After a long day at work, the last thing you want to do is wrangle your kids while cooking a meal. What’s the solution? Include those kids in the meal-making process. No matter their ages, your children can have a real impact on the outcome of dinner. There are so many reasons to include your kids in the kitchen. Take a look at eight of the best reasons below.
1. Spend Quality Time Together
Perhaps the most obvious reason to cook with your kids is to spend time together. While you slice and dice, it’s only natural that you and your kids chat about your day. Younger children will love the one-on-one time with you, while older kids might find that this is an opportunity to let their guard down and have a safe space to communicate with you. This provides a great chance to really connect with your kids on a regular, on-going basis. These opportunities seem fewer and farther between in today’s culture of technology, never-ending after school activities, and the constant go, go, go. Creating a setting in which to spend some actual, meaningful time with family is more critical than ever. Cooking with your kids fits that need perfectly.
2. Help in the Kitchen
Another obvious reason to cook with your kids is to get some help in the kitchen! Some people can come home and whip up a gourmet meal in less time than it takes others to figure out what to make. For the rest of us, getting a little help in the kitchen is a wonderful gift. It might be difficult to think of ideas for what your kids can actually do in the kitchen and be safe while doing it. Here is a handy guide for you to use.
Preschoolers (about 2-4)
Stirring Ingredients: Younger kids can stir all kinds of ingredients. If you are baking, stirring the dry ingredients is ideal. Wet ingredients are fine as long as they are not hot. Just remember, it might be a bit messy!
Washing Fruits and Vegetables: Teach your kids how to properly wash fruits and vegetables while they learn the names of each type of produce.
Sprinkling Seasonings and Spices: Sugar, salt, pepper, or any other seasonings you add to your meal can be sprinkled on by your tot. If they need to be measured, you do the measuring, and then hand it over. Again, be wary of temperatures that may harm your little one.
School Aged Children (about 5-8)
Cutting Soft Ingredients: Using a butter knife, kids can cut various soft ingredients, such as cream cheese, dough, and many types of fruit.
Kneading: Kneading and rolling dough is hard work! Let your kiddo help you out by starting the process, though you may need to finish it up.
Preparing Fruits and Vegetables: Picking off leaves, snapping beans, or shucking corn can all be completed by your helpers.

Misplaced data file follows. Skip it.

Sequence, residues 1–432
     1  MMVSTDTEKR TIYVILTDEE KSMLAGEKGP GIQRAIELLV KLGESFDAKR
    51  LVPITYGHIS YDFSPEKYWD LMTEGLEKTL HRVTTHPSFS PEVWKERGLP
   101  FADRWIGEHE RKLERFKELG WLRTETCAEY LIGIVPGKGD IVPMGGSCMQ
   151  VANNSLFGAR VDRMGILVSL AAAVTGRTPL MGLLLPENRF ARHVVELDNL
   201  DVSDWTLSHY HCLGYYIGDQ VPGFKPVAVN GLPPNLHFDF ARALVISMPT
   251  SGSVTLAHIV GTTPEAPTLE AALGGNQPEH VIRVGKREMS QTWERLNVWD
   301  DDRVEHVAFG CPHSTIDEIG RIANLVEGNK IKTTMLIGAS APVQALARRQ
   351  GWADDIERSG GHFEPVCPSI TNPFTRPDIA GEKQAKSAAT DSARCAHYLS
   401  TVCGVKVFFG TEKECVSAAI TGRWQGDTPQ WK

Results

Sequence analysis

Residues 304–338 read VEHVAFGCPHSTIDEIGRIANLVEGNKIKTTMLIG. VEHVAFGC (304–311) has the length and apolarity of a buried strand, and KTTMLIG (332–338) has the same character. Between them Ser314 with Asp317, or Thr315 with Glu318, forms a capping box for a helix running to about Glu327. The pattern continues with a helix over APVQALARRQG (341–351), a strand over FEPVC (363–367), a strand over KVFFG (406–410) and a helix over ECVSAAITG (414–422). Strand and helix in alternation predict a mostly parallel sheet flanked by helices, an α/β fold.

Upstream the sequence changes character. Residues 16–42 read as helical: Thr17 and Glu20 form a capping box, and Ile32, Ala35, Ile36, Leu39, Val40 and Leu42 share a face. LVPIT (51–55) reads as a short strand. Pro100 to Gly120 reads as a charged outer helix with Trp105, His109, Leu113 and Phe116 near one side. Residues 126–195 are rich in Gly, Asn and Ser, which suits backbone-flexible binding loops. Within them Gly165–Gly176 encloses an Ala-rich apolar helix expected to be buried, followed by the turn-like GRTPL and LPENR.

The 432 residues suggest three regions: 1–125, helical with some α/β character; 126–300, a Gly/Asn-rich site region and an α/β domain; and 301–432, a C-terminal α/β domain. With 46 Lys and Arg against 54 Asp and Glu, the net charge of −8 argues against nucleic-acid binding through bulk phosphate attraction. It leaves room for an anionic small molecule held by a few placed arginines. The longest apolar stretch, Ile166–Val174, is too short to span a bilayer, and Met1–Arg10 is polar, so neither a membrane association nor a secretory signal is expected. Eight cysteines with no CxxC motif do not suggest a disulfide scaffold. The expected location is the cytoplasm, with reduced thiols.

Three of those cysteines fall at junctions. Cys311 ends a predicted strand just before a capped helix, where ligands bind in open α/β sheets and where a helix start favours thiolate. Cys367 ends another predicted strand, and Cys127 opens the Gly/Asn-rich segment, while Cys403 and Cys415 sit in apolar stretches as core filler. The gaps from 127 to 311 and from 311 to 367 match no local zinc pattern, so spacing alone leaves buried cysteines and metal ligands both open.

Pre-teens (about 9-12)
Cutting: By this age, kids have the dexterity to use a small knife, though be sure to talk about proper usage and knife safety before handing over a blade.
Preparing Pans: Greasing or lining a pan for baked goods or other dishes is an easy task pre-teens.
Setting the Table: Have your kids set the table. You might even teach them the “proper” way a table is set.
Teenagers (13 and up)
Most things can be done in the kitchen at this age, if proper procedures have been taught. Kids should never attempt a new task unsupervised. Teens can even prepare an entire meal. Put them into the meal preparation rotation!
3. Kids are Curious
Kids learn in a variety of ways, but one of the best ways to learn is by using the senses. Cooking is perfect for this. Think about all the senses you use while cooking a meal. The dough squishing between your fingers. The crackle pops of frying bacon. The aroma of freshly baked cookies. The pristine beauty of a perfectly set dinner table. That first scrumptious bite of your favorite food.
Kids love to be in the kitchen because they get to use all of these senses in a variety of ways. They are socurious about what they are smelling, hearing, tasting, feeling, or seeing. By including them in what is going on, they get to find out about the source of what’s tingling their senses. Use this curiosity to your advantage. Since kids are more likely to eat food they’ve helped to prepare, introduce them to new foods, new recipes, and even new cultures. By exposing them to many different food choices, you have given them new opportunities to explore their curiosity.
4. Reinforce Math Skills